|a child below the age of seventeen who persistently runs away from the home of his parents or legal guardian, or persistently refuses to obey the lawful and reasonable commands of his parents or legal guardian, thereby resulting in said parent's or guardian's inability to adequately care for and protect said child, or a child between the ages of six and sixteen who persistently and willfully fails to attend school or persistently violates the lawful and reasonable regulations of his school.|
Mass. Gen. Laws ch. 119 §§ 39E-J (2006).
Chapter 119, sections 39E-J deals specifically with CHINS cases:
|(1) Section 39E assigns jurisdiction for CHINS cases to the Juvenile
Court, provides who can file a CHINS petition, and outlines the procedure
to begin a CHINS case;
(2) Section 39F outlines the right to counsel, the determination of indigency, and the assessment of costs for court appointed counsel;
(3) Section 39G regulates the right to a hearing, enumerates the dispositions available to the judge, and limits the duration of a disposition;
(4) Section 39H outlines the only scenario where a child subject to a CHINS petition may be arrested, and the procedure the police officer must take when effectuating the arrest;
(5) Section 39I lays out the right and procedure to appeal a CHINS adjudication, whether it be in front of a jury or in front of a judge; and
(6) Section 39J designates the payor for the services provided to children who are adjudicated CHINS.
110 Mass. Code Regs. 4.60-4.67 (2005).
Upon a CHINS adjudication a court may order services to be provided by the Department of Social Services (DSS) or commitment to DSS. Title 110 of the Code of Massachusetts Regulation sections 4.60 through 4.67 outline DSS’s responsibilities in CHINS cases:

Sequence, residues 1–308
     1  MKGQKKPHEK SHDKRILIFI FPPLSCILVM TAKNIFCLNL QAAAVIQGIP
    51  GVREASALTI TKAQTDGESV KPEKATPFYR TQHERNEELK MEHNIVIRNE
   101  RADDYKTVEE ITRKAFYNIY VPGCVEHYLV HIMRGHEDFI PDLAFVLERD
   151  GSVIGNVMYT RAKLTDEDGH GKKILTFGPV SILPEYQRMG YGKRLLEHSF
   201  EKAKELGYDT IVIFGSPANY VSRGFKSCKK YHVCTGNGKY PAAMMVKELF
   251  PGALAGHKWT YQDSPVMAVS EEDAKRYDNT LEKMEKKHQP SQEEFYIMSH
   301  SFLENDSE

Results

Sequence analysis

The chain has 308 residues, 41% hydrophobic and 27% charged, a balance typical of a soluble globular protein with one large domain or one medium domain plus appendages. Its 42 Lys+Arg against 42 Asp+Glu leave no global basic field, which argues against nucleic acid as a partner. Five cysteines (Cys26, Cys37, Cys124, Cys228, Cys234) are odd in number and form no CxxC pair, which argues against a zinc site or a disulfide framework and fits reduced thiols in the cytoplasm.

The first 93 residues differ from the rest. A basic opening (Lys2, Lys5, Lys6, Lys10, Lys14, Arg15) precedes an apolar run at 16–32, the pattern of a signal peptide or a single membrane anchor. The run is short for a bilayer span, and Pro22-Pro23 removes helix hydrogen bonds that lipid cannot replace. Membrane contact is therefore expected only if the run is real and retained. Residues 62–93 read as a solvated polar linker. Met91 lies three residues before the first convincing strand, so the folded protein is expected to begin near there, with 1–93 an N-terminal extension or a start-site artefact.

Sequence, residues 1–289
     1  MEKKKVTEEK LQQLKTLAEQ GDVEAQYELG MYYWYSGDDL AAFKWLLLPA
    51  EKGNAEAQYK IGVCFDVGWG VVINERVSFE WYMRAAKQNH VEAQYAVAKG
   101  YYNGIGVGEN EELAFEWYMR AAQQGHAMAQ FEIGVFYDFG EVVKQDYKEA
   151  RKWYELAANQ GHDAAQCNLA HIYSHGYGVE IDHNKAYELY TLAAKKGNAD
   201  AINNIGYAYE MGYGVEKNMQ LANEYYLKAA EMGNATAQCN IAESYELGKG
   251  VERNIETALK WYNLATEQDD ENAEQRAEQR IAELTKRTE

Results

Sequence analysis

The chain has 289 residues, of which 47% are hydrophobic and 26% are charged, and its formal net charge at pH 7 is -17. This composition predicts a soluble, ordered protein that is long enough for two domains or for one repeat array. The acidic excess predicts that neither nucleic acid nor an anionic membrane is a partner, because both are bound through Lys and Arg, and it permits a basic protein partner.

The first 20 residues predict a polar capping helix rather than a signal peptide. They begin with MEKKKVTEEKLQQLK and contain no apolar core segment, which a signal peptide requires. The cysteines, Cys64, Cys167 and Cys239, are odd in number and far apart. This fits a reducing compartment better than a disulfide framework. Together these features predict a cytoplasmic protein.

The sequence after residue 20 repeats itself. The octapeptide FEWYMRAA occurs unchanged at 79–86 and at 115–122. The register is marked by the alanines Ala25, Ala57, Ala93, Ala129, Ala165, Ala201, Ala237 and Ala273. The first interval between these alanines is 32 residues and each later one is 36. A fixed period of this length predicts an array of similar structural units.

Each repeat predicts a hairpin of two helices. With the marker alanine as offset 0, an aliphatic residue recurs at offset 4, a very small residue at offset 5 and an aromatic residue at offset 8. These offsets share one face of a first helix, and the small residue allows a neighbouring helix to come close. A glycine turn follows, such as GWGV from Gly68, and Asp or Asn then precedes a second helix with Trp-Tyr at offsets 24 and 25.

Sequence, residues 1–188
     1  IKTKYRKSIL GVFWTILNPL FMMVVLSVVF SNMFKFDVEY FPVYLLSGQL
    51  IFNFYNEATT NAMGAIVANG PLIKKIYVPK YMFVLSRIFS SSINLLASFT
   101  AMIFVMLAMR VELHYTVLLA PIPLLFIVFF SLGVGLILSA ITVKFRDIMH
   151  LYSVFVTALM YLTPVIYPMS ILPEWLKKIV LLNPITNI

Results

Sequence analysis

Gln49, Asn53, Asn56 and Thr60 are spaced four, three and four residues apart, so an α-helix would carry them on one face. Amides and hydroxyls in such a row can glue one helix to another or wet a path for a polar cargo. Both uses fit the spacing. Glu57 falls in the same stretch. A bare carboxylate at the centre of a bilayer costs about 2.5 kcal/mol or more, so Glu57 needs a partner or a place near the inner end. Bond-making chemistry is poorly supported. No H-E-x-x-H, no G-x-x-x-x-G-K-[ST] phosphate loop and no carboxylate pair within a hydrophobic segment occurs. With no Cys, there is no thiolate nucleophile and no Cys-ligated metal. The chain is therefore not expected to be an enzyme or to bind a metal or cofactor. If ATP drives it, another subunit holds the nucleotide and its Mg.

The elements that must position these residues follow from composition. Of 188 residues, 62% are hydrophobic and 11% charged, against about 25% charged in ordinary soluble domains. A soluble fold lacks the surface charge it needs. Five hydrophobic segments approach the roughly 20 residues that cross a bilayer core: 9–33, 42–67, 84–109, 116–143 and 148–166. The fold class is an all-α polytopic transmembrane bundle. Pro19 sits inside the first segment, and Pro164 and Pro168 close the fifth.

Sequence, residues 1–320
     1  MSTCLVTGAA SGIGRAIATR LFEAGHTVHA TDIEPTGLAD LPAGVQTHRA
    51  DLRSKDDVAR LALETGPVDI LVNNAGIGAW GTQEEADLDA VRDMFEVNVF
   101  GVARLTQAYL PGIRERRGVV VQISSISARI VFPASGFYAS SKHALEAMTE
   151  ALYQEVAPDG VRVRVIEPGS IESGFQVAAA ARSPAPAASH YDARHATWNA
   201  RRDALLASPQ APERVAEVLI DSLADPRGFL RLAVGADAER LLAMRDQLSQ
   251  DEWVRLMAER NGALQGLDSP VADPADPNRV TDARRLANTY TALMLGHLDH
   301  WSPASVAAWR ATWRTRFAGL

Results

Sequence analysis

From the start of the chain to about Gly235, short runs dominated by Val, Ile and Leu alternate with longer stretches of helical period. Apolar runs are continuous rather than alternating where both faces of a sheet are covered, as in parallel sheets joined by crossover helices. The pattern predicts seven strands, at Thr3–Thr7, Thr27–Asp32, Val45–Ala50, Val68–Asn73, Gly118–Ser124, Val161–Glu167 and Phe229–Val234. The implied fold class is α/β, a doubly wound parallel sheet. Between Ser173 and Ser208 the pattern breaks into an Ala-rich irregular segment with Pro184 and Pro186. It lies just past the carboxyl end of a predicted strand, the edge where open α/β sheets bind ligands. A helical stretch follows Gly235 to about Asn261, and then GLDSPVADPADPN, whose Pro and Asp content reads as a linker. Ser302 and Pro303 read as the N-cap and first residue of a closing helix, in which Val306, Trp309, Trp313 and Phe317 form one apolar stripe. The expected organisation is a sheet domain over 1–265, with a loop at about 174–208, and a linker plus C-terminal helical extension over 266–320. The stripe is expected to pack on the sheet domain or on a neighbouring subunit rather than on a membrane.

|(1) Section 4.60 outlines the scope of sections 4.60-4.67, and
describes the scope to be enumerating DSS’s responsibilities under Mass.
Gen. Laws. ch. 119 §§ 39E-J;
(2) Section 4.61 outlines the four ways a child may come to the attention of DSS in a CHINS proceeding: (1) court referral, (2) court-ordered pre-trial detention, (3) court-prescribed services, and (4) court-ordered commitment of the child to the custody of DSS;
(3) Section 4.62 lists the four ways that a child may come into DSS’s custody through a court referral;
(4) Section 4.63 describes pre-trial detention;
(5) Section 4.64 lays out the scenario under which DSS is to provide services to a child adjudicated a CHINS, and the procedure for providing such services;
(6) Section 4.65 outlines court-ordered commitment of custody to DSS and the procedure to be taken;
(7) Section 4.67 outlines the attendance of DSS employees at CHINS court proceedings (Section 4.66 does not exist)
In re Angela, 833 N.E.2d 575, 584 (Mass. 2005). In this case the Supreme Judicial Court (SJC) found that children adjudicated CHINS, who were placed outside the home, should be afforded an evidentiary hearing at readjudication proceedings. The SJC held that it was a violation of Due Process when the court failed to provide an evidentiary hearing before a six month extension of an out of home placement.
Commonwealth v. Florence F., 709 N.E.2d 418 (Mass. 1999). In Florence the SJC held that a juvenile judge cannot hold a child in criminal contempt for failure to complete the conditions set forth in a CHINS case. The SJC based this decision on the language of the statute, Mass. Gen. Laws. ch. 119, sec. 39G, and the policy behind CHINS. The court also emphasized the non-criminal, and more nurturing nature of CHINS proceedings.
In re Gail 629 N.E.2d 1308 (Mass. 1994). In in re Gail, the SJC found that a CHINS case could not be dismissed based on a parent’s withdrawal of consent, stressing that it is the child’s interests considered and not the fitness of the parent. The court in in re Gail explains that in considering the Constitutional interests of the child it has to weigh the state interest against that of the child(s interest in being free from confinement.